When you have Crohn’s disease, however, these organs stop doing their job. The inflamed small intestine isn’t able to fully digest food, so you lose out on both macronutrients like proteins, carbs, and fats (all sources of energy), and micronutrients, which are the vitamins and minerals your body needs. As a result, incompletely digested food then travels on to the colon, causing diarrhea. If your colon is also affected by Crohn’s disease, it struggles to absorb water, and that excess liquid joins the diarrhea and creates the urgent need to go to the bathroom.
All of which is to say, even if you’re eating healthy, during a Crohn’s flare, many of those good nutrients go to waste—literally. Add to that the fact that your body needs more calories than usual during a flare, and you’ve got a recipe for malnutrition. People at greatest risk are those who:
have severe or chronic diarrhea, which robs the body of water, nutrients, and electrolytes
have numerous bowel movements, which can cause them to cut back on eating to avoid trips to the bathroom
have nausea or abdominal pain, which can reduce their appetite
have had surgical removal of parts of the small intestine, which can interfere with absorption
have ileostomies (abdominal wall openings made via surgery), that can lead to nutrient losses and dehydration
Basically, it’s a messy situation that calls for professional help. A knowledgeable dietitian (your GI doc can recommend one) can tailor nutrition recommendations to your needs. You should also be tested often—via bloodwork—for vitamin and mineral deficiencies and drink plenty of water. The good news: With the help of a Crohn’s specialist, it’s possible to devise a diet that minimizes some of the worst aspects of the disease while helping you build a nutritional reservoir to carry you through the rough patches. Start with these strategies for how to eat during a remission or flare.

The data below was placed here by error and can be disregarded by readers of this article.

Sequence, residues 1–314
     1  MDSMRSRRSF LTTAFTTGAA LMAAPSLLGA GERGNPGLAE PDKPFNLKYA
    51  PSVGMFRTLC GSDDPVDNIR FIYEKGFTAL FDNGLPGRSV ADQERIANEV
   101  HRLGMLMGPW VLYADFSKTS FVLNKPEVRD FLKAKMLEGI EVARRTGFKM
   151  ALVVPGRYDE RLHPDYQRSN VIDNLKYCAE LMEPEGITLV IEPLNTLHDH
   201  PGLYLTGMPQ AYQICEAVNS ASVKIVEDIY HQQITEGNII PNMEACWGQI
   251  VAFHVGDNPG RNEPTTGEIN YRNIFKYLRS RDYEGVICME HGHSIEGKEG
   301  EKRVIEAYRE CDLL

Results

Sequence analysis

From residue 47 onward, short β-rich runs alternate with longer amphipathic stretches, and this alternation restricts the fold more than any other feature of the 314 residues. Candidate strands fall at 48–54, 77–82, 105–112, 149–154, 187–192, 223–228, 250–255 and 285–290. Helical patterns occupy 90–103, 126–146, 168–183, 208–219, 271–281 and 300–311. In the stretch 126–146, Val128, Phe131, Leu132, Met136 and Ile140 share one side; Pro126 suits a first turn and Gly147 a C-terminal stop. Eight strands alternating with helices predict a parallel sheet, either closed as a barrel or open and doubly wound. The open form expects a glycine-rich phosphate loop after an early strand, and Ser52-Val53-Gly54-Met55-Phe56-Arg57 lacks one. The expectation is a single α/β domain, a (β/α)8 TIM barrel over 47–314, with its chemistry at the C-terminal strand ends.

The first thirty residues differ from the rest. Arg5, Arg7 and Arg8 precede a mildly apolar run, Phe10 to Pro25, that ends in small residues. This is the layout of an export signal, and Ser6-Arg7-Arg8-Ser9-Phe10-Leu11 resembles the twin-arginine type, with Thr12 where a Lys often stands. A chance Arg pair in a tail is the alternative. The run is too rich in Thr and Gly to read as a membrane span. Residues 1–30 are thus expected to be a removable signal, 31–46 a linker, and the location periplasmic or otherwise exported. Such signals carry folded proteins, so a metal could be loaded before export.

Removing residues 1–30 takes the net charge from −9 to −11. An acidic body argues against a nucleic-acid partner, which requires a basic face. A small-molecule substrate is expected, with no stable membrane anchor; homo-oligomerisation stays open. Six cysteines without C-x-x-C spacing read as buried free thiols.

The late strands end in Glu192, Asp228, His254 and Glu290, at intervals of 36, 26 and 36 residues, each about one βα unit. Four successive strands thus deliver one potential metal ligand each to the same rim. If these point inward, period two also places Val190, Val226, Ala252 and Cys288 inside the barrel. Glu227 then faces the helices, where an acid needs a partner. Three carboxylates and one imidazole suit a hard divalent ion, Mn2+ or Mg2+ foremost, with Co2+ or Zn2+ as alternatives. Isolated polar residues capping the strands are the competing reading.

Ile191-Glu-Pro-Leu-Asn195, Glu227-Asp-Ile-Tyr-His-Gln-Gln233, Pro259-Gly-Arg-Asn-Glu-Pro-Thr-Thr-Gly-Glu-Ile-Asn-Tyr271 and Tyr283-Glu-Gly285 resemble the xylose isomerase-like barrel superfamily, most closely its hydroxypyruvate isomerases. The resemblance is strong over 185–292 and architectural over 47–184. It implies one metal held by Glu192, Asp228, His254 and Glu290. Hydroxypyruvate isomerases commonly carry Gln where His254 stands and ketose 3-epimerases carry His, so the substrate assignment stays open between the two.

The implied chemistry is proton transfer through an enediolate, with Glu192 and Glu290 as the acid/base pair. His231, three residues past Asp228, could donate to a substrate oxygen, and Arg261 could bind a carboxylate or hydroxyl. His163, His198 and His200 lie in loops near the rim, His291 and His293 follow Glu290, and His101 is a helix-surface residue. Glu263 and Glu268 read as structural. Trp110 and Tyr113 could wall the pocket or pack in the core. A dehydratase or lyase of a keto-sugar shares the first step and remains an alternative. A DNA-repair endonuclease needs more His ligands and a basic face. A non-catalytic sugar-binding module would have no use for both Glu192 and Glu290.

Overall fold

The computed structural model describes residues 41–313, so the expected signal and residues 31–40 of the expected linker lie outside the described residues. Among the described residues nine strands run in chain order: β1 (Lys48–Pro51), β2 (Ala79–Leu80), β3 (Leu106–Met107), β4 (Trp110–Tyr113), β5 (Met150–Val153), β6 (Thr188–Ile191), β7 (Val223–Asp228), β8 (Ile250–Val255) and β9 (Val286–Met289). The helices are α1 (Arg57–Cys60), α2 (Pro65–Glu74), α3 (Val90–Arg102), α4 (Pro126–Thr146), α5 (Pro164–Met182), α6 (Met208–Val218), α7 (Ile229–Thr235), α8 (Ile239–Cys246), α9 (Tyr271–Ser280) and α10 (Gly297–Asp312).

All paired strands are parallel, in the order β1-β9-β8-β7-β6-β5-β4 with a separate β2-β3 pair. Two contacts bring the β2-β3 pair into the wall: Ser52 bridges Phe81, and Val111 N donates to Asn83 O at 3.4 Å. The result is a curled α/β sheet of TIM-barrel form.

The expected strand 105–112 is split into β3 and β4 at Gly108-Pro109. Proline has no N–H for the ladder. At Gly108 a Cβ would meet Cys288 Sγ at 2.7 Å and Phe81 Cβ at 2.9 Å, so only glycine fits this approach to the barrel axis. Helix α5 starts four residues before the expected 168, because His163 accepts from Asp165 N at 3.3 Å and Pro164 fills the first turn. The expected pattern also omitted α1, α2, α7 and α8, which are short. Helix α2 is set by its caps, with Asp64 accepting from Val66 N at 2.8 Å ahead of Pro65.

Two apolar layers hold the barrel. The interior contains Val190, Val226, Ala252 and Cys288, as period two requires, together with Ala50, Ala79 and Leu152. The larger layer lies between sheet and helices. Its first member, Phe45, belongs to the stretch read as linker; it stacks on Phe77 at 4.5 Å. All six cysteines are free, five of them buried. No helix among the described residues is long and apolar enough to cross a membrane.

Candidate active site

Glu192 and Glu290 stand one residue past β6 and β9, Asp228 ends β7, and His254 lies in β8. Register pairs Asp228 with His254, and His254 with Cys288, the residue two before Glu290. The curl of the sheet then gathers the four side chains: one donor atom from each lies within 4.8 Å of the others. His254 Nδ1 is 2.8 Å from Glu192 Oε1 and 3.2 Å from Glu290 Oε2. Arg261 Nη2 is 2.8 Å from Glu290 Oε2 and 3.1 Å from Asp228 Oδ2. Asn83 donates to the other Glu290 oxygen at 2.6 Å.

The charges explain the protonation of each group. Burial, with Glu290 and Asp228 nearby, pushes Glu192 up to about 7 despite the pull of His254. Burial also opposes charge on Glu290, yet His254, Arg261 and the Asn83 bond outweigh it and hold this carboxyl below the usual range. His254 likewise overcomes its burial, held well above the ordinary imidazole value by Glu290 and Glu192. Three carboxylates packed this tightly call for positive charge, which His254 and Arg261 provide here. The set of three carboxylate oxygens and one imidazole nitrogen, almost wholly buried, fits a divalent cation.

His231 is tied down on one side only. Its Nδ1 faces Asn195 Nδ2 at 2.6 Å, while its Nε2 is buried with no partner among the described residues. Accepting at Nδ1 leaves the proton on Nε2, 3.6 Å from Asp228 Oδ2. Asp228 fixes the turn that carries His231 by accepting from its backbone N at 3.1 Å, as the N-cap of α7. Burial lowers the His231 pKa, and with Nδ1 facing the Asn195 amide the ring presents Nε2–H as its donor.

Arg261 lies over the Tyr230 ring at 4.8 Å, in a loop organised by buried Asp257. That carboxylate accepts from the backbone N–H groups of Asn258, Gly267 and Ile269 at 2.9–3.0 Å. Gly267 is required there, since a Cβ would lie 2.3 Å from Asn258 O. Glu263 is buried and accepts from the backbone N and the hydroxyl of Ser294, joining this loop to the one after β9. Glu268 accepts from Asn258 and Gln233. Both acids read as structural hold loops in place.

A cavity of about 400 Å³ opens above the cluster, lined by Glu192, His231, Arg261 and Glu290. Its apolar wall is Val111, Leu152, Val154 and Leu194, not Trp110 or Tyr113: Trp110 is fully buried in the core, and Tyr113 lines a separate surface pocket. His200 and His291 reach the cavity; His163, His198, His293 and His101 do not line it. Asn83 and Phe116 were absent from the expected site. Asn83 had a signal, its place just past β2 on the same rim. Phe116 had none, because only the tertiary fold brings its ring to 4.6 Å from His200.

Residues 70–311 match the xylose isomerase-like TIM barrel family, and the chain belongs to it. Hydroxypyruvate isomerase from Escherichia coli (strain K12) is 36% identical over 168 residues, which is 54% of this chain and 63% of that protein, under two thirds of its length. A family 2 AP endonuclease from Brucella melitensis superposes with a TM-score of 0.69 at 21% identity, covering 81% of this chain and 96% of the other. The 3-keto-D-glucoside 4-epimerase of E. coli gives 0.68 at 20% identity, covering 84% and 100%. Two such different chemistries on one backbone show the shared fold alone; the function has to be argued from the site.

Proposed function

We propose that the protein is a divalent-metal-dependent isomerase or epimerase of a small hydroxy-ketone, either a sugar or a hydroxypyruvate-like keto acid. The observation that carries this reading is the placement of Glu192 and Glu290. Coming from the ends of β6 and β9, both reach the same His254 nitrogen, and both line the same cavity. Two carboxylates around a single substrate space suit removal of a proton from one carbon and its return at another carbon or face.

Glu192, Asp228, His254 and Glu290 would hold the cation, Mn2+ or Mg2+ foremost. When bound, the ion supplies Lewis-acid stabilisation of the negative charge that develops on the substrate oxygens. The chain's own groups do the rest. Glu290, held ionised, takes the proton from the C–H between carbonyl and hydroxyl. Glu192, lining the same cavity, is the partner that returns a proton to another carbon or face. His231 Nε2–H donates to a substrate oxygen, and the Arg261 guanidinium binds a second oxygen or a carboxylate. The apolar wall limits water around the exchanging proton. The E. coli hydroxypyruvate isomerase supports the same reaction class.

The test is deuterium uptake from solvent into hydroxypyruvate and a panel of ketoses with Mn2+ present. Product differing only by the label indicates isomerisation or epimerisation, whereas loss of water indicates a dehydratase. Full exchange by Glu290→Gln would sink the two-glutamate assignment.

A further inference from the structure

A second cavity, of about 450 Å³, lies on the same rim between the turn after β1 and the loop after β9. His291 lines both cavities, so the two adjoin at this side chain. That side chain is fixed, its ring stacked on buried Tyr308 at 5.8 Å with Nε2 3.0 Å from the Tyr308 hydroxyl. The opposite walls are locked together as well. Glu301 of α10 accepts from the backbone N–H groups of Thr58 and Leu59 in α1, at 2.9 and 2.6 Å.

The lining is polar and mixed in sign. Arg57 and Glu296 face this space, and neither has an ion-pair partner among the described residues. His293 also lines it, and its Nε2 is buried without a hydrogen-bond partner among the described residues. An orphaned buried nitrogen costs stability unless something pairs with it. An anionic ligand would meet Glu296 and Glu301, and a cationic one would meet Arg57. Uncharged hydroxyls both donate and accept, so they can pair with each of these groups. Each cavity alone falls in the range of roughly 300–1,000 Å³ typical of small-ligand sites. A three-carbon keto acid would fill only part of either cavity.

What to Eat During Remission
There is no single diet plan for Crohn’s disease because the illness and symptoms manifest in so many different ways. In general though, you'll want to avoid processed foods that can trigger gut inflammation, and primarily follow a Mediterranean Diet of whole grains, vegetables, fruits, healthy fats, lean meats, fish, beans, and eggs. Nourishing your body during the good times means you’ll be in better shape to handle the flares and surgical procedures, if necessary. When you’re in remission, focus on eating these nutrient-packed options:
Fiber-rich foods: It’s a myth that Crohn’s patients should skip fiber. Fiber is loaded with prebiotics, which may improve the balance of good bacteria in your gut. Plus, studies show that eating fiber when you’re not in a flare can help keep you in remission longer. Include whole grain breads and pasta, as well as oat bran, beans, barley, and nuts. Check labels to see that whole grains are the first ingredient listed with at least three grams of fiber per serving.
Protein: Focus on lean meats (and eat only a little red meat), fish, eggs, nuts, nut butters, and tofu. Avoid processed and high-fat meats, sausages, bacon, hot dogs, bologna, and cold cuts.
Fruits and vegetables: Go whole hog on as many of these as you like. Aim for at least five and up to nine servings—a half cup cooked or a whole cup raw—daily. Try to eat a rainbow of colors for the best balance of nutrients.
Calcium-rich foods: These include broccoli, kale, collard greens, oranges, white beans, and almonds, as well as milk, yogurt, and cheese. If you are lactose intolerant, like a lot of people with Crohn’s, choose lactose-free dairy options such as fortified almond and rice milk, or take a lactase enzyme supplement before eating dairy.
What to Eat During a Flare